Internet opportunities for policy makers - An electronic conference on Access and Benefit Sharing
Jorge Cabrera Medaglia
|Correct citation:||Medaglia J.C. (2002), " Internet opportunities for policy makers - An electronic conference on Access and Benefit Sharing." Biotechnology and Development Monitor, No. 49, p. 7-9.|
A pilot online-workshop between four participating countries recently proved useful in exploring the complex issues related to the access and benefit sharing arrangements under the Convention on Biological Diversity. This article shows how information technologies can even differences in the resources of different countries whilst developing common areas of cooperation. In this case the participating countries succeeded in preparing a common declaration despite earlier experiences. Assessment is made of how such technology can be used efficiently for the benefit of all participants and what the limitations are. It also highlights the fact that capacity building as far as biotechnology is concerned has to include capacity building in information technologies.
Biotechnology is increasingly not only an agricultural and scientific issue
but also a topic of international agreements and conferences. An example here
is the upcoming Sixth Meeting of the Conference of the Parties to the Convention
on Biological Diversity (COP6) and the Third Meeting of the Intergovernmental
Committee for the Cartagena Protocol on Biosafety (ICCP3). Others include
meetings within the context of the World Trade Organization (WTO) or
the World Intellectual Property Organization (WIPO). In such meetings,
the fundamental differences between country delegations in terms of resources
and capacity become obvious, especially when the topics are broad.
In the context of the Convention on Biological Diversity (CBD), the process was so broadly defined and complex that many parties could not digest the information produced in preparation of the meetings. The implications are felt during COP meetings when small delegations are forced to participate as observers rather than as active participants. The multi-dimensional issues like Access to genetic resources and benefit-sharing (ABS) aggravated the problem. There is a lot of information on biodiversity, but also the problem of how to use it.
Dialogue on access and benefit sharing
After the United Nations' Earth Summit in Rio in 1992 and on its own initiative, the Netherlands signed Bilateral Agreements for Sustainable Development (BASDs) with Costa Rica, Benin and Bhutan. Under this scheme, countries not only receive or are granted technical and financial assistance, but also undertake reciprocal obligations by jointly identifying priorities, needs and compromise areas. Besides mutual assistance and consultation, the participation of each party is based on principles of solidarity, equality, reciprocity and civil society participation.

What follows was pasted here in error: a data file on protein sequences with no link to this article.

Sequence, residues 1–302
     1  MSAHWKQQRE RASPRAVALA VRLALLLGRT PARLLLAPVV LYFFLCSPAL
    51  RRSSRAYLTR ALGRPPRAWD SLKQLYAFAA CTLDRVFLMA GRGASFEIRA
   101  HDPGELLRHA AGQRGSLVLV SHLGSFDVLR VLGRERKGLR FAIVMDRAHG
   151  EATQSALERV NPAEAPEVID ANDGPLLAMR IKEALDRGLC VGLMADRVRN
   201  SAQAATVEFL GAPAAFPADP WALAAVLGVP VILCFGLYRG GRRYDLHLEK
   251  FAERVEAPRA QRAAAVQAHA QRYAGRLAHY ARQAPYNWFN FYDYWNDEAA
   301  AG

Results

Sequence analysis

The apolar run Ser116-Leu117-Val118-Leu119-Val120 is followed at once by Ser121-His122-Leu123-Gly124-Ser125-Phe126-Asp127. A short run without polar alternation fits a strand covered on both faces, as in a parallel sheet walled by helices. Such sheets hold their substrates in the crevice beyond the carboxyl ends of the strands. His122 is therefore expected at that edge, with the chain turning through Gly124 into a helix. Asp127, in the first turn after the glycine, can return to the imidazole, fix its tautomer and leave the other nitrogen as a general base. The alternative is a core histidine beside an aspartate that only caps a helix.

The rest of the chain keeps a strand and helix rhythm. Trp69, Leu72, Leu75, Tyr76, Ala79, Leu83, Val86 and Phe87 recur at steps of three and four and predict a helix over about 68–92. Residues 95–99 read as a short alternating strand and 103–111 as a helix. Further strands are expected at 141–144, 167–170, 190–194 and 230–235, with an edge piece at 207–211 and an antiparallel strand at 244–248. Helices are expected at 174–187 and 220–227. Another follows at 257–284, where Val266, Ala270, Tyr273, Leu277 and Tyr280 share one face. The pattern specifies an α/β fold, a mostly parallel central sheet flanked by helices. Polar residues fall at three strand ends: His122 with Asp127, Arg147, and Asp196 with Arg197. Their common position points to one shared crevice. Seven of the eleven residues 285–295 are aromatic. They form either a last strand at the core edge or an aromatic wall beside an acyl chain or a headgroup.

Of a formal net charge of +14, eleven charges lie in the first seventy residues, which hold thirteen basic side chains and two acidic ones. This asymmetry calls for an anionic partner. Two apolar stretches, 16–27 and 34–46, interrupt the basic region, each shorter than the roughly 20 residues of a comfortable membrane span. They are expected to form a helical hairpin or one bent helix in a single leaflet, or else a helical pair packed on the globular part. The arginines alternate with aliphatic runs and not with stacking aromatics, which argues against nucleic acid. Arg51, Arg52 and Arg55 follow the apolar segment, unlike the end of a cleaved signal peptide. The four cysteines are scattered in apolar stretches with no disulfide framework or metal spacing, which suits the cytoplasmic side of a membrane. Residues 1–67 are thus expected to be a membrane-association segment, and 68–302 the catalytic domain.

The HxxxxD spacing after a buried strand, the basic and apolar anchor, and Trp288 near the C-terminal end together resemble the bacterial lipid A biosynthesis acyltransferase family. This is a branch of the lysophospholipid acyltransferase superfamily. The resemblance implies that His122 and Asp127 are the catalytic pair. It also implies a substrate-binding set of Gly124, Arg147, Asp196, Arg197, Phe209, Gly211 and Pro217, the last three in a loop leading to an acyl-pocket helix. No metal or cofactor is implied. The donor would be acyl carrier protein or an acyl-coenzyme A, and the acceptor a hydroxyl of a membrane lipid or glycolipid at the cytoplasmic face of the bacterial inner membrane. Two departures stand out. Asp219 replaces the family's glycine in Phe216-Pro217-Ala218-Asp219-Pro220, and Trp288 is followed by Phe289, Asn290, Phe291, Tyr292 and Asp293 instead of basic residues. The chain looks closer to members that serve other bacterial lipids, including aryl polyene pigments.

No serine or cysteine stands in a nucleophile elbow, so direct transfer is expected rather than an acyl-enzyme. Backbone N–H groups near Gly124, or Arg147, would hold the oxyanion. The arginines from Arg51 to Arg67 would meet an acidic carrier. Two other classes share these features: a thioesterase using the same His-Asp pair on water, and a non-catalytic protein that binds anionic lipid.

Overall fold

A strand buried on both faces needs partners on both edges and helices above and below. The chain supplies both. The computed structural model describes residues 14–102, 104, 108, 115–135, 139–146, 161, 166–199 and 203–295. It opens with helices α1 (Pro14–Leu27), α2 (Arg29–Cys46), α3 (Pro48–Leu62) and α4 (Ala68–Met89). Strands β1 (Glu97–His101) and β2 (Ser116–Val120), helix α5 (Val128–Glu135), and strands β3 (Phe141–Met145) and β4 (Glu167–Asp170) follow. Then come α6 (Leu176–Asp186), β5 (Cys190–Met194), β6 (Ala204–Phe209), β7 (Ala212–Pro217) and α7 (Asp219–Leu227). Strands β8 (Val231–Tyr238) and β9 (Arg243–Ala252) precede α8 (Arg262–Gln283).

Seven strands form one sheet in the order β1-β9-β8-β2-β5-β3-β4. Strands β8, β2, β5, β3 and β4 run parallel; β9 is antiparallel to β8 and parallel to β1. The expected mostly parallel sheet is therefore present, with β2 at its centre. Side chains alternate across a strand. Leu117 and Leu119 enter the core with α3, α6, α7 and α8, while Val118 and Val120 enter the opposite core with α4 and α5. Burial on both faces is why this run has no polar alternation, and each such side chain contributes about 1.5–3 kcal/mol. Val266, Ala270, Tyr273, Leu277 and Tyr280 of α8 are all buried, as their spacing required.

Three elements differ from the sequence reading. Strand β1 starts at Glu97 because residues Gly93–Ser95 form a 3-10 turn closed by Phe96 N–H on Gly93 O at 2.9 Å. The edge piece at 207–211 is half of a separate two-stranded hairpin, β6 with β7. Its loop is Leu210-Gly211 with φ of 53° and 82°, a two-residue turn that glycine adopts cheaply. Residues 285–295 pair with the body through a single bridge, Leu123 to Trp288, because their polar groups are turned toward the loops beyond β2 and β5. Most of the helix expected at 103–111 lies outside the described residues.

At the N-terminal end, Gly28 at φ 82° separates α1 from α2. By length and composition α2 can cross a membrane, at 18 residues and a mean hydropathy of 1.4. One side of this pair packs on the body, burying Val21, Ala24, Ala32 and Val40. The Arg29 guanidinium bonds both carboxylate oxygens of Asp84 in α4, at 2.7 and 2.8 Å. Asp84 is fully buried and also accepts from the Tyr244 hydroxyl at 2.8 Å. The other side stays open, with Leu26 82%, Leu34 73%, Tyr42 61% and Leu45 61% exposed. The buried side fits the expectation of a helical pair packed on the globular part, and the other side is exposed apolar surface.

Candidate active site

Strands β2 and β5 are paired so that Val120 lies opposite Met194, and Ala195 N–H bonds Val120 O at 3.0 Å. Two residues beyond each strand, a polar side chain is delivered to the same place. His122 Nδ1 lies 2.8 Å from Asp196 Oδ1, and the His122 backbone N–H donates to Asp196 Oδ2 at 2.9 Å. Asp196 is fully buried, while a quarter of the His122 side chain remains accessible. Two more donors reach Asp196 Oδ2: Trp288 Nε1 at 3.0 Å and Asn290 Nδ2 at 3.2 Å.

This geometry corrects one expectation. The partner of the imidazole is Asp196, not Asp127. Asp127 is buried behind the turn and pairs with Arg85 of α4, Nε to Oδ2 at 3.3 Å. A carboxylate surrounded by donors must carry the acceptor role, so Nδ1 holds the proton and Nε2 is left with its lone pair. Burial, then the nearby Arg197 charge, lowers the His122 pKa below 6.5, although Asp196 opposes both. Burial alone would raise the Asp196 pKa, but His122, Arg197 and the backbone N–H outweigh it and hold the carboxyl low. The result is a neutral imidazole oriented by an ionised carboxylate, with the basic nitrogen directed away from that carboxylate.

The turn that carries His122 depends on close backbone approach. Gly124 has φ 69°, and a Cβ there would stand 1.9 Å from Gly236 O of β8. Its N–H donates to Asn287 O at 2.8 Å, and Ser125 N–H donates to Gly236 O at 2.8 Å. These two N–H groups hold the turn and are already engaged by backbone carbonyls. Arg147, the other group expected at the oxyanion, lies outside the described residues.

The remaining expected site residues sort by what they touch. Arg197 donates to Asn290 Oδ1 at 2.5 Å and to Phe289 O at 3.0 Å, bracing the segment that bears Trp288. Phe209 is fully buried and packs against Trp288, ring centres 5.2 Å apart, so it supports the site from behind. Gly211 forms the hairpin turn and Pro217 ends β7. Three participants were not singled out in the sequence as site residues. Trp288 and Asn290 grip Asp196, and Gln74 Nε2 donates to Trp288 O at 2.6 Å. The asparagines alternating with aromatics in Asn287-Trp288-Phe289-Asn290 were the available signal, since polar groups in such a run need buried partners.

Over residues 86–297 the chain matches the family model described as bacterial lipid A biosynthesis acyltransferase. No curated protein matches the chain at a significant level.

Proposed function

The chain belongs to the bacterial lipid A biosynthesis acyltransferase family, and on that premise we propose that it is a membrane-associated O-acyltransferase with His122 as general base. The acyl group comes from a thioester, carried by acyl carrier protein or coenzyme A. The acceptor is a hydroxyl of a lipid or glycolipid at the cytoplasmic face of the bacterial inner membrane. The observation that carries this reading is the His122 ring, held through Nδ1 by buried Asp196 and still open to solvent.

As a part of this process, the participating countries have taken the opportunity to issue joint declarations on topics of mutual interest in different international forums and have also executed cooperative projects under the framework of the CBD. Normal decision-making processes of cooperation such as exchanging points of view via letters to shape plenary pronouncements, have been enhanced through an online initiative. The online expert dialogue among Sustainable Development Agreement Parties Benin, Bhutan, Costa Rica and the Netherlands (SDA dialogue) on ABS were put into practice in September/October 2001 with an online event titled "Access and Benefit Sharing: Preparing for Bonn". Ecooperation, the institute in the Netherlands that manages bilateral agreements, organised this dialogue. It involved experts from the four countries as a contribution to the Meeting of the Ad Hoc Open-ended Working Group on Access and Benefit-sharing in Bonn (Germany, October 2001) and to COP6 (The Hague, the Netherlands in April 2002).
The goal of the online dialogue was to create a suitable environment to enable a maximum exchange of experiences and explore further options for cooperation. By choosing the online approach the project was able to have a pool of experts available at the national levels and overcome some of the obstacle of geographic distance between countries. The online dialogue is intended as a first step towards a rapid, country-specific exchange of information with a relatively high spin-off in terms of policy formulation.
The online workshop
The specific objectives of the online workshop were to:
The project has proved of great value in terms of educating the participants on how to take advantage of electronic means for practical purposes. For example, the Costa Rican participants, initially had many "how-to-use" questions. These dealt with issues such as login procedures, when to access the site and the use of different tools provided by the electronic format.